Short Sale and Short Seller Rules – Regulation SHO Lawyers

Short Sale Analysis Attorneys
Understanding the Games that Issuers and Short Sellers Play

When a manipulated stock’s price declines, it has become common practice for penny stock issuers and their disciples to scream foul play and claim their company is the victim of a naked short seller working with nefarious clearing firms to send their stock price downward. These same issuers also complain vociferously about the Securities and Exchange Commission (“SEC”) failure to pursue illegal short sale activities.

It has become common practice for issuers and some stock promoters or stock touts hired to increase an issuer’s stock price, to point to the Threshold Security List as evidence of illegal short sale activity that supposedly explains their declining stock prices.  The internet is flooded with misinformation about what the Threshold Security List reveals about a security.

This makes it difficult for many investors to differentiate between legitimate short selling and unlawful manipulative short selling, and often causes investors to believe a stock’s price has dropped because of short selling rather than because of selling by insiders or the issuer itself.  

The Creation of the Threshold List

A “failure to deliver” is the outcome of a transaction where one of the parties in the transaction fails to meet his respective obligations.  When failure to deliver occurs, either the party with the long position does not have enough money to pay for the transaction, or the party in the short position does not own the underlying assets that are to be delivered.

Regulation SHO, promulgated by the SEC in 2005, created the Threshold Security List to address failures to deliver in an orderly manner.  It was not created to punish short sellers or reveal short positions. Regulation SHO was designed to clean up open failures to deliver in certain securities when they reached a relatively low aggregate level without creating a short squeeze.  Failures to deliver may result from either a short or a long sale.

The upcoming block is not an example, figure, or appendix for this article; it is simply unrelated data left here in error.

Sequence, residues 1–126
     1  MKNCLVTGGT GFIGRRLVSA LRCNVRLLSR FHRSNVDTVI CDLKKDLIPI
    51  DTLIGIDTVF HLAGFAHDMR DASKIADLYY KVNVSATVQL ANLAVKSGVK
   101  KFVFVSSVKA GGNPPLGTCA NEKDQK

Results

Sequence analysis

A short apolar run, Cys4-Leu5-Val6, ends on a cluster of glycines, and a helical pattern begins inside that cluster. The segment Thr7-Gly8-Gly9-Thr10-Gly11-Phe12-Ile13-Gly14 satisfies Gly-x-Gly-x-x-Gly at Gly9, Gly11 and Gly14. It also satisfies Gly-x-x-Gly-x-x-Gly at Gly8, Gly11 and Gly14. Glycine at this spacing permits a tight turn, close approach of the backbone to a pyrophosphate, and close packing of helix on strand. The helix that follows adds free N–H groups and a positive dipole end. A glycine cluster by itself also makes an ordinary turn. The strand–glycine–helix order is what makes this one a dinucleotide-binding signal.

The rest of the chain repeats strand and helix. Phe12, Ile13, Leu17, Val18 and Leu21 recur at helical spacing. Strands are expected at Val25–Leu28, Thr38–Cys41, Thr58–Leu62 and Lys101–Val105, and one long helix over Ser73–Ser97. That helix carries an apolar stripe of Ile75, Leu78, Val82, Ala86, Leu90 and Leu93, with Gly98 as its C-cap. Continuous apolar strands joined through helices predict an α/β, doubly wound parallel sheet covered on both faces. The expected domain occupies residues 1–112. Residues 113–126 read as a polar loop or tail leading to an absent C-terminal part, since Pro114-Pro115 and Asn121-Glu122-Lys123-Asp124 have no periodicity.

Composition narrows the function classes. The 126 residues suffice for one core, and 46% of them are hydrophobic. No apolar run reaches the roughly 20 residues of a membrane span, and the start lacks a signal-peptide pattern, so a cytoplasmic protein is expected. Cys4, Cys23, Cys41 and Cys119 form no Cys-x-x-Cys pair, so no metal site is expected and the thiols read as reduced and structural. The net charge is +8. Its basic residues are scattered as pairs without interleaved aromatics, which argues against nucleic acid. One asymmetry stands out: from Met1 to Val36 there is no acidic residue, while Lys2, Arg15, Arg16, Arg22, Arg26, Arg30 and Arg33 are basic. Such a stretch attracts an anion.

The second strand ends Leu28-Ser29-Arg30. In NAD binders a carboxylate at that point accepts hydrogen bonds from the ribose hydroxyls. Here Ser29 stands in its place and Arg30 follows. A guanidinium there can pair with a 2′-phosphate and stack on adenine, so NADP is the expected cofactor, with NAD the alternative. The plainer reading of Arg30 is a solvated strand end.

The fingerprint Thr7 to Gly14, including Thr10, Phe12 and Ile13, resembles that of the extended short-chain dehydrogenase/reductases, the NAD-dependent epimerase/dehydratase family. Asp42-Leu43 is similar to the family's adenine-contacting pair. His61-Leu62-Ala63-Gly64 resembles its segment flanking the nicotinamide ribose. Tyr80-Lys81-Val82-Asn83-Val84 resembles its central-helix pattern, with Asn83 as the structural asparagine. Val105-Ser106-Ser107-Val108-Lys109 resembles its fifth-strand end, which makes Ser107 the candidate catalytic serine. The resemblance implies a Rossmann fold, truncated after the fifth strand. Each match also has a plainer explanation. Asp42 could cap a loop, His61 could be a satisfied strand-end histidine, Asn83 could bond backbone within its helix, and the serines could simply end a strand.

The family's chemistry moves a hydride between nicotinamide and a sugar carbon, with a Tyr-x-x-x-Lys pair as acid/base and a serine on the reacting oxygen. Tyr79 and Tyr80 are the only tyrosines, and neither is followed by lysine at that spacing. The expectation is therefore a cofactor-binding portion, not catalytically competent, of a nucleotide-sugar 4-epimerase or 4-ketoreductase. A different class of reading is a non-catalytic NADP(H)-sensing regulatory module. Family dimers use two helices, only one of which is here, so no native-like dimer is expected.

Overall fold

There may be legitimate reasons for a failure to deliver.  For example, human or mechanical errors or processing delays can result from transferring securities in physical certificate rather than book-entry form, thus causing a failure to deliver on a long sale within the normal three-day settlement period.  A failure to deliver may also result from lawful naked short selling.  Despite the mounds of contrary information on the internet, there are numerous circumstances in which naked shorting is legal.  

The Definition of a Threshold Security

A security will be placed on the threshold list if it has a significant fail to deliver position for at least 5 business days.  This list includes failures to deliver for both long and short positions.  The standards are different for SEC reporting issuers and non-SEC reporting issuers.  The definition of a threshold security for a reporting issuer is set forth in Regulation SHO and for non-reporting issuers is set forth in Rule 4320.

Regulation SHO defines threshold securities as any equity security of an issuer that is registered under Section 12 of the Securities Exchange Act of 1934, or that is required to file reports pursuant to Section 15(d) of the same Act, and where, for five consecutive settlement days:

♦ there are aggregate failures to deliver at a registered clearing agency of 10,000 shares or more per security; and

♦ the level of failures to deliver is equal to at least one-half of one percent of the issuer’s total shares outstanding.

FINRA Rule 4320 defines threshold securities as any equity security of an issuer that is not an SEC reporting security and, for five consecutive settlement days, has:

♦ aggregate failures to deliver at a registered clearing agency of 10,000 shares or more; and

♦ a reported last sale during normal market hours for the security on that settlement day that would value the aggregate failure to deliver position at $50,000 or more.

Each Self  Regulatory Organization (“SRO”), including the stock exchanges, must publish a daily list of the issuers with a significant delivery failures.  This list is known as the Threshold List, and is based on information reported to the SROs by theNational Securities Clearing Corporation (NSCC), the clearing arm of the DTCC.  It is published every night at around 11 p.m.